Characteristic patterns of regional hypometabolism are also seen in other degenerative dementias56-60. Frontotemporal dementia (FTD) clinically characterized by changes in personality and behavior, semantic deficits and progressive aphasia can be identified by distinct frontal or frontotemporal metabolic impairments that are typically quite asymmetrically centered in the frontolateral cortex and the anterior pole of the temporal lobe. Dementia with Lewy bodies (LBD)61, combining fluctuating consciousness, Parkinsonian symptoms and impairment of visual perception including hallucinations, shows reduction of glucose metabolism in primary visual cortex in addition to that in posterior association areas. Other degenerative disorders show typical hypometabolism in the specifically affected brain structures: the putamen and cortex in corticobasal degeneration62, the caudate nucleus in Huntington's chorea63, the frontal cortex and midbrain in progressive supranuclear palsy64, pons and cerebellum in olivopontocerebellar atrophy65. It is also important to note that depressive disorders may mimic cognitive impairment; in these cases glucose metabolism does not show regional abnormalities.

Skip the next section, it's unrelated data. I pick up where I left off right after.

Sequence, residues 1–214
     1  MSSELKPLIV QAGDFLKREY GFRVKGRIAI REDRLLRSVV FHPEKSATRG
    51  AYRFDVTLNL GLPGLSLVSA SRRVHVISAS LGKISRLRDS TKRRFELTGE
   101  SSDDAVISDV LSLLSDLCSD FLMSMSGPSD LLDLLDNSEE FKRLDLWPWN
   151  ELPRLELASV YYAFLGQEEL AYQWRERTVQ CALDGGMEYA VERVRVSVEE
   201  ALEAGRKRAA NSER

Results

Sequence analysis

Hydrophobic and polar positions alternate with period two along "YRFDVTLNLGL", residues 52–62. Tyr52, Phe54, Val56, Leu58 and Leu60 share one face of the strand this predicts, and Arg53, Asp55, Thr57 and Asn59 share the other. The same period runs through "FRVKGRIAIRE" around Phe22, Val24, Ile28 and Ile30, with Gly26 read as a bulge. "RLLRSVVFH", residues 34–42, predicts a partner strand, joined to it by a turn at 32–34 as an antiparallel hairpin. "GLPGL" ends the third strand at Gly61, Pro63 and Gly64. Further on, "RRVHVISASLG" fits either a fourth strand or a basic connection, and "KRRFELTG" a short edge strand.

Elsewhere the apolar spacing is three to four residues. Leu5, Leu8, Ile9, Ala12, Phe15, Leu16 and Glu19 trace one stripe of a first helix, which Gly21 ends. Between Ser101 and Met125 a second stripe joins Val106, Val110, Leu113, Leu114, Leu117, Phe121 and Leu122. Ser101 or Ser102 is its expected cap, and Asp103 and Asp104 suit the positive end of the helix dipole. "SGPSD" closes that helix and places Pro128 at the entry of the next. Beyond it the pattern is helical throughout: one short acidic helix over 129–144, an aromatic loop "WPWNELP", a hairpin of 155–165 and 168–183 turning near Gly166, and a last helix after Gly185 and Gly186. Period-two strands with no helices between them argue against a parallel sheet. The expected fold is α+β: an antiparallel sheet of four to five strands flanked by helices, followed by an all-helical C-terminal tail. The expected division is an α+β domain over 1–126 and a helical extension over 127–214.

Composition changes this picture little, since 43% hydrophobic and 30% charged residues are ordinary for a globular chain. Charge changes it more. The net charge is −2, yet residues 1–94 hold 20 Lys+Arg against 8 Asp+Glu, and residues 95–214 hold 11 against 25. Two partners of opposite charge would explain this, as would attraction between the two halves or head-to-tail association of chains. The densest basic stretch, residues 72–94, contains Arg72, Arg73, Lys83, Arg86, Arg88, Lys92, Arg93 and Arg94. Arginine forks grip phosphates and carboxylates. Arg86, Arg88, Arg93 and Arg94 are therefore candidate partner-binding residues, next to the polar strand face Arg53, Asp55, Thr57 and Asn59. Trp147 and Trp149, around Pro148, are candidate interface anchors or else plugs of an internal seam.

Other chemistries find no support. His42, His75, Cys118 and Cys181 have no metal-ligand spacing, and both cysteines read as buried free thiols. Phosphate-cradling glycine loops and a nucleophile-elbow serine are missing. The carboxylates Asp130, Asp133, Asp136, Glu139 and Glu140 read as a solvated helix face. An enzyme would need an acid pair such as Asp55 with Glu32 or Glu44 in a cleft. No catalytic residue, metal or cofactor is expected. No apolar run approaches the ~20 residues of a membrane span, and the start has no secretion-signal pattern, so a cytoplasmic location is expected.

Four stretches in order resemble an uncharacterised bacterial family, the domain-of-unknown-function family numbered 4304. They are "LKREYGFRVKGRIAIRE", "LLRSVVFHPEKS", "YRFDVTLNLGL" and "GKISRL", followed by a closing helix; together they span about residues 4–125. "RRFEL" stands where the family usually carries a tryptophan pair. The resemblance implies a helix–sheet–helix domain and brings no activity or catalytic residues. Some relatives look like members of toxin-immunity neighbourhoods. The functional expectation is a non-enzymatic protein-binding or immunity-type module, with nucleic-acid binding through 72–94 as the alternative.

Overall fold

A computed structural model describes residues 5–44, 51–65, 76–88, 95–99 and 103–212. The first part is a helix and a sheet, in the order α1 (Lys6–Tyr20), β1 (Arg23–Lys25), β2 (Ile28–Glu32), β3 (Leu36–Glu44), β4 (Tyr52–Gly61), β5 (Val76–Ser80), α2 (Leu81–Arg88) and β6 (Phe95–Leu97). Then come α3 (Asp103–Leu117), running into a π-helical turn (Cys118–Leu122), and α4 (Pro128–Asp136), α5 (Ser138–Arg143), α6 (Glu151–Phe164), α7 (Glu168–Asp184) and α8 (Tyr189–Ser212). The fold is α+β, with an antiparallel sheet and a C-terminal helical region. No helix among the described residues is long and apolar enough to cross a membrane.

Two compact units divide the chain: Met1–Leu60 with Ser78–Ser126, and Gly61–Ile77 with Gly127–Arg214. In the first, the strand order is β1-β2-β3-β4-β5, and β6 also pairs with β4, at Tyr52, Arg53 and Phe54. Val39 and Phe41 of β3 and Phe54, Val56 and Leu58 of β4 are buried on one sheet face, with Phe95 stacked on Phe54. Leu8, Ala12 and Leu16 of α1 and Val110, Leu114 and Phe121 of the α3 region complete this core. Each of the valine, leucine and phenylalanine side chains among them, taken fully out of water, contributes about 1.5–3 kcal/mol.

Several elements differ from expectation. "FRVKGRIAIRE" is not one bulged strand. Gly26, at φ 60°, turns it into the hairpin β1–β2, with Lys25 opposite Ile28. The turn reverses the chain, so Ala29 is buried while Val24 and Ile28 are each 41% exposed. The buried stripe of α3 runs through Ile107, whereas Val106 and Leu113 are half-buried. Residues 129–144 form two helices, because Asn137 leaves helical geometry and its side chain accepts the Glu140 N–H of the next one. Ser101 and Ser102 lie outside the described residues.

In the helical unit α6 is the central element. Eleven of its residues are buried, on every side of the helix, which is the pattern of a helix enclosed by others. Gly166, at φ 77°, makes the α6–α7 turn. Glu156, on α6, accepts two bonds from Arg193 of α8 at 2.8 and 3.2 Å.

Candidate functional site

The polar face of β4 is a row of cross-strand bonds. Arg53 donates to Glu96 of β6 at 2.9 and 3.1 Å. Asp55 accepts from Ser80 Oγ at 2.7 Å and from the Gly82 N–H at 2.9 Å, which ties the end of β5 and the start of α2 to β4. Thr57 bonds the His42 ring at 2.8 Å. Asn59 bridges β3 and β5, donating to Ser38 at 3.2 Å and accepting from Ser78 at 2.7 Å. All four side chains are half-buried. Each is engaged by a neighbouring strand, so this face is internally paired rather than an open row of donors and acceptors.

Additional PET tracers can further support the diagnosis of a type of dementia and also yield information on the underlying pathophysiology: Tracers permit the study of selectively affected transmitter / receptor systems, e.g. the cholinergic system in AD - significant reduction of cholinergic activity in the cortex of AD patients and those with MCI and early conversion to AD66 - or the dopaminergic system in LBD67 and the detection of pathogenetic depositions, e.g. amyloid and tau in AD68 or inflammatory reactions with microglia activations as in VCI. Especially the imaging of accumulation of pathologic proteins is a recent strategy to differentiate degenerative dementias: Amyloid is a pathogenetic product in the development of AD and its accumulation is a key finding in this disease. Its accumulation can be imaged by 11C labeled Pittsburgh Compound B (PiB)69 or by several newer 18F labeled tracers70. Whereas only small amounts of amyloid can be detected in the white matter in normal aging71, accumulation is visible in the frontal and temporo-parietal cortex in AD and MCI72. However, also in 20-30% of aged persons without relevant cognitive impairment an increased accumulation of amyloid can be detected73, and the grade of amyloid deposition as detected by PET is not related to the severity of cognitive impairment74. That means that amyloid might be deposited in the brain eventually long before cognitive impairment is recognized. Amyloid deposition in combination with neuroinflammation as expressed in microglia activation might play a role in the development of post-stroke dementia75.